The concurrence of the factual and the fictional has been amply documented in the eruption of Orsini’s plot against Napoleon III, readily calculated to make a nervous censor implacably hostile. But, in other ways too, life in mid-19th-century Europe was much more operatic than most of us can comprehend at this distance. The “secret door” by which Amelia enters Ulrica’s dwelling in Act I, Scene 2, may strike today’s apartment dwellers as typical melodrama, but the browser in Verdi literature cannot fail to note that a turning point in the fortunes of his hero, Cavour, is associated with a sub-rosa sympathizer whom he received by means of a secret passageway.
The easy acceptance of the incredible thus established, it is readily understandable that the crux of Ballo’s appeal to Verdi was the very element that strikes some cynics of today as trite : the infatuation of a king for the wife of his closest associate. What redeems it from triteness is the desperate endeavor of the woman in the case to honor the fidelity she feels she owes her husband, even to the point of finding a magical means of control-ling her emotions. Eventually, it is the unhappy Amelia to whom Verdi’s sympathies go in fullest measure when she is rejected by the man she has attempted not to deceive and becomes the unwitting cause of death for the man she has tried to love wisely, rather than well.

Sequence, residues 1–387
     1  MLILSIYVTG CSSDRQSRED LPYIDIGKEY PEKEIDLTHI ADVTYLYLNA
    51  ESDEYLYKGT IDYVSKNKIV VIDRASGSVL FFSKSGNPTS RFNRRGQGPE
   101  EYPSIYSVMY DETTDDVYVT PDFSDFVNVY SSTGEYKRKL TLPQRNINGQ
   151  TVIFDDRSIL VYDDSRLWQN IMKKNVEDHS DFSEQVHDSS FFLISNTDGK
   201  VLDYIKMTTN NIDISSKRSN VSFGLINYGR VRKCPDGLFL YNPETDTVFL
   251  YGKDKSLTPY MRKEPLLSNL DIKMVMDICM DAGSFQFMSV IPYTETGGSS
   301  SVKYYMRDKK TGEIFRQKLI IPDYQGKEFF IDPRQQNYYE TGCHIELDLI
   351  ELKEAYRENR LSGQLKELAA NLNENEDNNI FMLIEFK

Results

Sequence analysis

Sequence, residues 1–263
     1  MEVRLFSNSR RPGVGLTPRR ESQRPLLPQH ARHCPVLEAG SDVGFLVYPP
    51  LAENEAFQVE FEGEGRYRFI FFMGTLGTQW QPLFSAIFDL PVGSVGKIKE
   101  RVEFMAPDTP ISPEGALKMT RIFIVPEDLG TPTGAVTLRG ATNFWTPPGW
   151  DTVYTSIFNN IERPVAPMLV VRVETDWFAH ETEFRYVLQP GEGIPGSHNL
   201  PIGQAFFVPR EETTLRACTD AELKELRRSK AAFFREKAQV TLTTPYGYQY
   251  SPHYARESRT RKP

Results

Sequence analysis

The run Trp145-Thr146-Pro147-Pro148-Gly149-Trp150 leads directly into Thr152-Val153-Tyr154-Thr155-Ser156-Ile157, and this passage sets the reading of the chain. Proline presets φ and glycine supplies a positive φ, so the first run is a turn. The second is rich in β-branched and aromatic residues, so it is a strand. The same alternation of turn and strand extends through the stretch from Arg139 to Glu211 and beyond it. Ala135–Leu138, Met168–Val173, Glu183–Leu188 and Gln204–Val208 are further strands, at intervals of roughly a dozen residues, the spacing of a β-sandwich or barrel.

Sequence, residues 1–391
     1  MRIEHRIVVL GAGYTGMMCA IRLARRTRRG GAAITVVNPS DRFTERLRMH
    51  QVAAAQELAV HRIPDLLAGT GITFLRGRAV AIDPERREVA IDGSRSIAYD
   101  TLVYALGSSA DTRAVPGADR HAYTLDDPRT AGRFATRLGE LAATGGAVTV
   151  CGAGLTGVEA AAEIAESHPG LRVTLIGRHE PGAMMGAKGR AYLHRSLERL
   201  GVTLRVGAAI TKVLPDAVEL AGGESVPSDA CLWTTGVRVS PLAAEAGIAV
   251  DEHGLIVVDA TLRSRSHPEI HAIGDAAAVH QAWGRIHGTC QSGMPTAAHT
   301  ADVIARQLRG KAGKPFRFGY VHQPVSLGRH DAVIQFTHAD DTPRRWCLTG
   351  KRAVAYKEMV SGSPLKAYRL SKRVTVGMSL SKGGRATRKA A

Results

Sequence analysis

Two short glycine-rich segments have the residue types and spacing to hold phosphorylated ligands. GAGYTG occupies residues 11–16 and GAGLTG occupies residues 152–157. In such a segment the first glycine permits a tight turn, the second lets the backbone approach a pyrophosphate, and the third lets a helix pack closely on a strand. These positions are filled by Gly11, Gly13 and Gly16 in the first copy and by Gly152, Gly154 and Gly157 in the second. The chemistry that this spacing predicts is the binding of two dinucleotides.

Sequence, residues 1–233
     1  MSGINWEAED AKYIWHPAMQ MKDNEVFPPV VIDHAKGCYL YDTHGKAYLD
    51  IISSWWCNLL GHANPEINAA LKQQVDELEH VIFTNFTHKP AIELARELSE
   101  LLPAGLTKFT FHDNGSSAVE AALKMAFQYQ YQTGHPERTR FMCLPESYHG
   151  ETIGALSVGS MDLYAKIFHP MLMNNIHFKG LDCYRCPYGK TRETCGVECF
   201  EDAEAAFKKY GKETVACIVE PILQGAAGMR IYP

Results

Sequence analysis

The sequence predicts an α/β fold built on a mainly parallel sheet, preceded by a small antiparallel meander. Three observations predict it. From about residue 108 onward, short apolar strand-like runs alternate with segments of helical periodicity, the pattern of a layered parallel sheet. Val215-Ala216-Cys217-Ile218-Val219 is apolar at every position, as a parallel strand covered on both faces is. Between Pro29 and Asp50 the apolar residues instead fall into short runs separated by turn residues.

Thus, if the thunder of Ballo is the plot against the king and the impulse for revenge which makes Renato join forces with it, the blood of it is the same heart-pounding identity with human beings – especially female human beings – in distress which made Verdi partial to the dilemma of Violetta, the anguish of Aida and, most beset of all, Desdemona.